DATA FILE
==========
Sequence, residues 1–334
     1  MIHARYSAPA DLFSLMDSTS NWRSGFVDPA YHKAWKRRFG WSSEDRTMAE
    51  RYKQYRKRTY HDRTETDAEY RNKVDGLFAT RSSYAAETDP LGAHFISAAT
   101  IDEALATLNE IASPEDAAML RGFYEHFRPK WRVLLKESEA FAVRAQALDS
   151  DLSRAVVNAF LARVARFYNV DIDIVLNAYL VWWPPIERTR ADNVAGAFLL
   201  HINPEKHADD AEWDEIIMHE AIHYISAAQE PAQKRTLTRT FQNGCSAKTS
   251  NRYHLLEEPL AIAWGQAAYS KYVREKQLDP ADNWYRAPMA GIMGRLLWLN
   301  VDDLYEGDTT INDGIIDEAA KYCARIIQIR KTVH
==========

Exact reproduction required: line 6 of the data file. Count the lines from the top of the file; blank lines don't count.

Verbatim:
   201  HINPEKHADD AEWDEIIMHE AIHYISAAQE PAQKRTLTRT FQNGCSAKTS